The glaciers of central Asia provide suitable locations from which to recover continuous, high-resolution glaciochemical records on a continental scale. Although the glaciochemical investigations undertaken to date in central Asia are few in number and limited in terms of spatial coverage and length of record, some preliminary observations can be made concerning regional and seasonal trends in snow chemistry in this region.
The sodium chloride ratio for most snow samples collected in central Asia approaches the ratio found in sea water (0.86 in μeq kg−1), reflecting a marine source for these constituents. Sodium and chloride concentrations are, on average, 3–10 times higher in the Himalayas than in the Karakoram, demonstrating the greater influence of monsoonal sources of moisture in the Himalayas. Very high sodium concentrations from Khel Khod Glacier probably reflect a local crustal source from surrounding ice-free areas. Low nitrate concentrations were found in snow collected from the southern margin of the Himalayas and high concentrations in snow deposited on the north margin of the Himalayas. This strong regional trend in the spatial distribution of nitrate suggests the influx of continental aerosols, rich in nitrate, originating from the arid regions of central Asia. High calcium concentrations measured in snow from Mount Everest and the north-west corner of China are also indicative of dust derived from the arid regions of central Asia. Very high sulfate concentrations found in snow from the Tien Shan and the Bogda Shan most likely reflect local anthropogenic sources. The altitude effect on isotopie composition is not apparent from snow samples collected in central Asia.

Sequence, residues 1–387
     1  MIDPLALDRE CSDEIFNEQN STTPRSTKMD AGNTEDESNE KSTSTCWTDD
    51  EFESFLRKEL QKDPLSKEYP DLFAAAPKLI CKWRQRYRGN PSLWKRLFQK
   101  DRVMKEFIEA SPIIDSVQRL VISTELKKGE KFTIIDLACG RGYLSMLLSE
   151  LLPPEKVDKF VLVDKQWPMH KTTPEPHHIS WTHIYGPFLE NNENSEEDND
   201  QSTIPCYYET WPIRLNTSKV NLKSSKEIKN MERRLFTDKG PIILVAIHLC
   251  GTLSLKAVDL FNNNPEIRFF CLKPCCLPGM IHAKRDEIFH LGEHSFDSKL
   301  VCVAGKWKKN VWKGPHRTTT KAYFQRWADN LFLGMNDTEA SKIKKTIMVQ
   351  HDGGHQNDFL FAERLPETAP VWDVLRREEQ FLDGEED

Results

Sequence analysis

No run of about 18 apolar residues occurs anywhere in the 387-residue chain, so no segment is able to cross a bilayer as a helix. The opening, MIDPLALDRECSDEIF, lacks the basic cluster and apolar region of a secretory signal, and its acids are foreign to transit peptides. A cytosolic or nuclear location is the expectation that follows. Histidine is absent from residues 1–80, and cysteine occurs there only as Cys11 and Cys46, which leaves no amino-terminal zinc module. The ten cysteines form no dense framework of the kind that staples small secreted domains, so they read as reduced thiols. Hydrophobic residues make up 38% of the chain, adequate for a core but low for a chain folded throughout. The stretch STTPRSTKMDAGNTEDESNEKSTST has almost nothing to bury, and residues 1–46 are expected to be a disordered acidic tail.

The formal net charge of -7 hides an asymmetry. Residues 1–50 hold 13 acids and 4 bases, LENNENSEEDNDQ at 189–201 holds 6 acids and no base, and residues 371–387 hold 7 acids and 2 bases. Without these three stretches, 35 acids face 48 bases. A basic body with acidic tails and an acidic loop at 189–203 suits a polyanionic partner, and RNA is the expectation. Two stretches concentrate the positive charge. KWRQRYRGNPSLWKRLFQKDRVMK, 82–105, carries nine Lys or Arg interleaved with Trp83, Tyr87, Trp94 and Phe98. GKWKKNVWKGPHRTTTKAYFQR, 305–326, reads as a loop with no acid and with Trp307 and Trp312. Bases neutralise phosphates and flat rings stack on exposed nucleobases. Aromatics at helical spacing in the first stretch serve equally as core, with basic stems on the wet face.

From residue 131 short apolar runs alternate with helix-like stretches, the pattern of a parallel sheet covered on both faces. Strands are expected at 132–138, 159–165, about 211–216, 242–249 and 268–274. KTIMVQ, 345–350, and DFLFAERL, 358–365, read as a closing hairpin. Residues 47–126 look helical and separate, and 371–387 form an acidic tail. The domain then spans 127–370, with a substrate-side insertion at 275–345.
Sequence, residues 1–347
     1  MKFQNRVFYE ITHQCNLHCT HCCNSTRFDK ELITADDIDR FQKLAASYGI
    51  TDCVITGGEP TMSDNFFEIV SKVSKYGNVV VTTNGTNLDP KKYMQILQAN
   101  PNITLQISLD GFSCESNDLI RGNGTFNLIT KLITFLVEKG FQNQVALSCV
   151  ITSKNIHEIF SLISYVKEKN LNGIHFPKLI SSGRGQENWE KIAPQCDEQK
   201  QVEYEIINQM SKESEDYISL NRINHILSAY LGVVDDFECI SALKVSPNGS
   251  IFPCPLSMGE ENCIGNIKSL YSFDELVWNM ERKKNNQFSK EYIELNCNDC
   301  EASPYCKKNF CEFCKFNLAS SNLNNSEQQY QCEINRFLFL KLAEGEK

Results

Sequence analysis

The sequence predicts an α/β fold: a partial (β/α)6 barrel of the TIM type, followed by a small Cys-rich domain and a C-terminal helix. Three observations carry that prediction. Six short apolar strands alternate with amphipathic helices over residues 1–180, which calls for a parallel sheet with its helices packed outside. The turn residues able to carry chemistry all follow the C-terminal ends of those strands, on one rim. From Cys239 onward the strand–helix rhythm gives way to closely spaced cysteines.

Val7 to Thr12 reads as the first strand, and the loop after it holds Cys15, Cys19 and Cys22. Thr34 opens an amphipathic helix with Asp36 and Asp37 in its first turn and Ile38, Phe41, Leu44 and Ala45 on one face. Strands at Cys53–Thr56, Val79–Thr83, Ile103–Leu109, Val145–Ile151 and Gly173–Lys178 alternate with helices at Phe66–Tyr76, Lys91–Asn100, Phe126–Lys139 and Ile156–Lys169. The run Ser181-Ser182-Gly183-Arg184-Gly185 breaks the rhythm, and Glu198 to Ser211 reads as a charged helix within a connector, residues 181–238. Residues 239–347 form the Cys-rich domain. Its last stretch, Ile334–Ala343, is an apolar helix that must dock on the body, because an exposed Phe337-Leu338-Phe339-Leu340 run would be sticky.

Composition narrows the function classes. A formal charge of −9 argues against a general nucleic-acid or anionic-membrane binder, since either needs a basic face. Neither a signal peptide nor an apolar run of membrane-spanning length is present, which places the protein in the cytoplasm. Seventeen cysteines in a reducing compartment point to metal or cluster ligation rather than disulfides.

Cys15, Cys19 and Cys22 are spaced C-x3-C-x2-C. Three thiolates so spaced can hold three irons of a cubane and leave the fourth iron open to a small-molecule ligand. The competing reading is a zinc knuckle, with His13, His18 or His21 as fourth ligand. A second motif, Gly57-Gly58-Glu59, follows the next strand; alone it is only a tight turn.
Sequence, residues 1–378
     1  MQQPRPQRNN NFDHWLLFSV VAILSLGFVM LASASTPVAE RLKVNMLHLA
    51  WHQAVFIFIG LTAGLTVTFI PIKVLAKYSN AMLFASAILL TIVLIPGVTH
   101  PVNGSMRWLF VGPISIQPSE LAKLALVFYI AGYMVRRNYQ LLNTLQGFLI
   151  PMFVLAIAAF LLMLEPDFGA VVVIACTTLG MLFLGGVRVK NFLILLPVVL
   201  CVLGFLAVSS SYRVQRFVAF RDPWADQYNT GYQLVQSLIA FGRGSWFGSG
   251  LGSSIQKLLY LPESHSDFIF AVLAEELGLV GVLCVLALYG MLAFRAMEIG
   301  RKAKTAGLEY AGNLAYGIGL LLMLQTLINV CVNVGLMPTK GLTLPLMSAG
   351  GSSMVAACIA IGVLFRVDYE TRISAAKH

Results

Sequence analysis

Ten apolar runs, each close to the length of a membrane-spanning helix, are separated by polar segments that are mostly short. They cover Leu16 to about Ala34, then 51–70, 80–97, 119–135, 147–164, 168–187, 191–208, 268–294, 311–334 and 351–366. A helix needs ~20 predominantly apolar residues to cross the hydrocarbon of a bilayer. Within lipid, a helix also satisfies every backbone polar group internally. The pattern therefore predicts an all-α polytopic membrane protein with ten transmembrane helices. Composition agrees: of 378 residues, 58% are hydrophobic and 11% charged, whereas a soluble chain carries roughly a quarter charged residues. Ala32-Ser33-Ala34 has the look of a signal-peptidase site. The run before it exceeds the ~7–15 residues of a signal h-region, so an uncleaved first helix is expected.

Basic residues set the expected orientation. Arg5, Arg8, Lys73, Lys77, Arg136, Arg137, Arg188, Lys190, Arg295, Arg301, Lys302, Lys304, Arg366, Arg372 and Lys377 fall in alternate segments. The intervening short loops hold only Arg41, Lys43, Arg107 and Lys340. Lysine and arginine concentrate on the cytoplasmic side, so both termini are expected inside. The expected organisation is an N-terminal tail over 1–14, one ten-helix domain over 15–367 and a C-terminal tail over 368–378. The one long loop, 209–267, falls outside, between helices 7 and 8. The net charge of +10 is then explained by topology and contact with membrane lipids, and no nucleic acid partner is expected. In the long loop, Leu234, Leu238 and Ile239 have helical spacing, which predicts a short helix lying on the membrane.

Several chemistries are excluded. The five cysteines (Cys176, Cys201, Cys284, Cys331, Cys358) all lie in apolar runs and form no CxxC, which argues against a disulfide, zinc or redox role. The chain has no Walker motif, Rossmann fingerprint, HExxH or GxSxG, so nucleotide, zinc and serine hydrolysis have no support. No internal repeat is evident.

Understanding the processes which control the chemical content of snow, the local-to-regional scale complexities, and the seasonal variability are fundamental steps necessary to assess the potential for recovering representative long-term glaciochemical records from central Asia.